Tracking and measuring personal metrics as a tool for self-improvement has benefits for individuals and groups, but those of us interested in the quantified self should be aware of potential risks as well so we can use these tools wisely.
Tracking info – the quantified self
You may have heard me mention how much I love my Apple Watch. I use it all the time, not only for telling time but also for other things, including tracking certain health-related metrics and motivating me to follow good habits. The fact that I use apps on the Watch got me thinking about the pros and cons of tracking and measuring various elements of life and health and the whole phenomenon of the quantified life.
What is the quantified self?
“In its most concise form, self quantification is the tracking of daily activities through technologies, delivering back to the user some “performance” analytics. The data and metrics help the user alter a behavior in order to self-improve. The soon to be assuaged behavior can be hyper-specific, like wanting to drive your car in the most efficient manner or it can be much more broad involving myriad health conditions and goals you are attempting to reach. The most famous quantified self endeavor to date is probably Nike+.”
The quantified self has applications in health and wellness, personal and professional productivity, and education. (See this Wikipedia article for a discussion of how self-quantification is being applied in these various areas.)
The quantified self movement describes individuals tracking and measuring aspects of their life, but also groups of individuals sharing data and competing.
“[T]here is a strong tendency among self-trackers to share data and collaborate on new ways of using it. . . . Insight will come not just from our own numbers but from combining them with the findings of others.”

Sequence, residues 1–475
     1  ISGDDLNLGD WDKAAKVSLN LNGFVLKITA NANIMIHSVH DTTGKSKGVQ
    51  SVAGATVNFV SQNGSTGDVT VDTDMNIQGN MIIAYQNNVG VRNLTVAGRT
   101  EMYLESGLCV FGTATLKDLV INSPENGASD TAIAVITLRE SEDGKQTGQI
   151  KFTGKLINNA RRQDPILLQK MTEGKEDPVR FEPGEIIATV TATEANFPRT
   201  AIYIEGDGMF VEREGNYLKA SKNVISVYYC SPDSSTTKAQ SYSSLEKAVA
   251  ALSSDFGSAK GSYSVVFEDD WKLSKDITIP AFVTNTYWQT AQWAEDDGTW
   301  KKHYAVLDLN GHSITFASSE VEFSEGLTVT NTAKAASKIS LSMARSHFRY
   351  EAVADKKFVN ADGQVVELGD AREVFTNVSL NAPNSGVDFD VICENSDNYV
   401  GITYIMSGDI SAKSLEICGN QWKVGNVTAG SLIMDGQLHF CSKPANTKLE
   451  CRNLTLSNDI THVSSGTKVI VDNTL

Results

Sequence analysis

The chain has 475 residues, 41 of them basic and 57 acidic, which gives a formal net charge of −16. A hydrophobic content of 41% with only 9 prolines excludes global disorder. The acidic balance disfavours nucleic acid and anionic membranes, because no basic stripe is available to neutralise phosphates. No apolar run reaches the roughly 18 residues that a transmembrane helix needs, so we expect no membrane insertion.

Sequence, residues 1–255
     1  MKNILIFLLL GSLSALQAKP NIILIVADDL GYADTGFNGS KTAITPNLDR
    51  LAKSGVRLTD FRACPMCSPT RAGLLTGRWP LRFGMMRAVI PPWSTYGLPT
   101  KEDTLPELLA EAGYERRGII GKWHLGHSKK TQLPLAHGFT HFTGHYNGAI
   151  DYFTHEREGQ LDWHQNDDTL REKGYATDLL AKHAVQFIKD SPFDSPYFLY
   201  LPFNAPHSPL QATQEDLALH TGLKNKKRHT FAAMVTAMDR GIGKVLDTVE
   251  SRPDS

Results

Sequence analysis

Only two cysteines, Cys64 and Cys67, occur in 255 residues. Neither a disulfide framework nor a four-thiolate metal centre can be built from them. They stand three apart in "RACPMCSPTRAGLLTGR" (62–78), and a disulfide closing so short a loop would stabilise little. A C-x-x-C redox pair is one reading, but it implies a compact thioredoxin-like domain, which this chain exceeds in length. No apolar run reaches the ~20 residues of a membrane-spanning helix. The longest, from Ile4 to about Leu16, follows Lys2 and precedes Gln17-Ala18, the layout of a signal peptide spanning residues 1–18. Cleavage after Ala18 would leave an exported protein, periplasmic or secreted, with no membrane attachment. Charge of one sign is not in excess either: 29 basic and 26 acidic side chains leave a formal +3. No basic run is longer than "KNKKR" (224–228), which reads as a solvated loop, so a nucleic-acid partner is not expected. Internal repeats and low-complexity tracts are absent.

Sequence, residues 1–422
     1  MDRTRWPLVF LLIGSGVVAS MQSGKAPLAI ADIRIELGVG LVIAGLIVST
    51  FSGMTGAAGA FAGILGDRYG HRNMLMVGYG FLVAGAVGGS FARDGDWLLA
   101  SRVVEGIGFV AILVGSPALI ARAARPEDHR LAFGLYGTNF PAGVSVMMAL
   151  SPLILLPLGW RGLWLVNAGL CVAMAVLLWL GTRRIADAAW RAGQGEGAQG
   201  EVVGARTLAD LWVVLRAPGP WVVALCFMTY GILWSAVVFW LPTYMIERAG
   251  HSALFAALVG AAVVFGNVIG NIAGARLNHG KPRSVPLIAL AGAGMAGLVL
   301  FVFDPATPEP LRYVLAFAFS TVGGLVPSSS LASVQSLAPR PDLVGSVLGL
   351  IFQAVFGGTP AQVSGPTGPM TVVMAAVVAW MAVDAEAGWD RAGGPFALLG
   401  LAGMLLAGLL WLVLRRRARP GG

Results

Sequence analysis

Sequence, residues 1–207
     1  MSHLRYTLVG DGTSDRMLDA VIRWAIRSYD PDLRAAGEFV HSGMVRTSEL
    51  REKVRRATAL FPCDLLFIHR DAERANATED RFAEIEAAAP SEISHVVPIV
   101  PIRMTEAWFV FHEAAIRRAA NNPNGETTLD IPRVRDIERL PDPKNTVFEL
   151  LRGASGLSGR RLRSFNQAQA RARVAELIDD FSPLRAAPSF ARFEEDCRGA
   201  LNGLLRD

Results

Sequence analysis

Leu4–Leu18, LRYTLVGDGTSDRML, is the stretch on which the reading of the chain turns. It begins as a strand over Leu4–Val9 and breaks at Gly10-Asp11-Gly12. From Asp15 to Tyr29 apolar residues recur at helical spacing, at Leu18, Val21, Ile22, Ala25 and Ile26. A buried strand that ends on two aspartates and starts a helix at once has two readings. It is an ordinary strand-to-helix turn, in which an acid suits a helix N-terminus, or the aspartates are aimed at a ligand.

There has in fact been a whole movement built up around this called “Quantified Self“. They have meetups where people share ways they’ve tracked and measured, what they did, how they did it, what they learned, etc. According to their website:
“Quantified Self Labs is a California-based company founded by Gary Wolf and Kevin Kelly that serves the Quantified Self user community worldwide by producing international meetings, conferences and expositions, community forums, web content and services, and a guide to self-tracking tools.”
What are the benefits?
This movement toward tracking and measuring various life aspects brings several benefits.
- Awareness: We’ve discussed awareness as a key first step toward identifying and accomplishing goals. Gathering data about what our bodies and minds are doing can help focus attention on areas we want to improve (or where we are doing well), and also can help with the intentional building of habits that will get us where we want to go. The act of tracking and recording can help motivate us by creating chains. The longer the chain of days we’ve done X, the more motivated we are to do it again, to avoid breaking the chain or leaving a gap in our chart.
- Accountability: If we use a service such as Fitbit or Nike+ that publishes our results, or even if we just share our results with an accountability buddy, that creates the motivation to be more active. It’s like having the benefit of a mastermind group. Knowing you have to report back to somebody whether you did what you said you wanted to do can motivate you to get it done when you don’t feel like doing it.
- Crowdsourcing aggregated data: It can help identify patterns across numbers of people or seeing how other people are functioning in ways that we’d like to improve in.
“. . . people with a diverse range of health problems have used self-tracking devices to monitor medical treatments for acute diseases or chronic conditions, evaluate the moods created by eating certain foods, track their alcohol consumption and many more aspects of their bodily functions, health and illness states. Patients have also been able to ‘crowdsource’ the data they have collected on websites such as PatientsLikeMe and CureTogether, allowing the massing of data for a better understanding of what treatments are effective (see here and here for overviews).”
- Improved medical care: An article in Stanford Medicine talks about a program instituted a few years ago at Stanford to help doctors gather information from patients useful in designing treatments for chronic diseases.